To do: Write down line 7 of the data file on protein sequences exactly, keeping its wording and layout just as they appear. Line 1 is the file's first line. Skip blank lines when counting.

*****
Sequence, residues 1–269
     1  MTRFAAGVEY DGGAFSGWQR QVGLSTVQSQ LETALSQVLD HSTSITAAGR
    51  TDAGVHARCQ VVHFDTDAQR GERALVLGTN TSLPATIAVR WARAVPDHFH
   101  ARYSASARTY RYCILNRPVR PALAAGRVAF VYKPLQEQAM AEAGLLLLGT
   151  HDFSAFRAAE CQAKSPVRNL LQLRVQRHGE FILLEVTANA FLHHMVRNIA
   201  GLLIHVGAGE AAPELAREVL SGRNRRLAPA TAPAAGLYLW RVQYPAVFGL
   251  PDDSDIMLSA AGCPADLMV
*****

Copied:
   251  PDDSDIMLSA AGCPADLMV